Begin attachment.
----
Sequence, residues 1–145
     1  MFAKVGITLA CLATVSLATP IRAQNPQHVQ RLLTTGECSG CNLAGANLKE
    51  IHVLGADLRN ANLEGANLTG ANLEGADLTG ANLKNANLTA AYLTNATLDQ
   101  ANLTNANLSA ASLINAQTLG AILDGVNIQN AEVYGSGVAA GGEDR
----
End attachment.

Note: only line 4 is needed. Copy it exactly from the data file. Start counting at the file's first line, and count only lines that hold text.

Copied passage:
   101  ANLTNANLSA ASLINAQTLG AILDGVNIQN AEVYGSGVAA GGEDR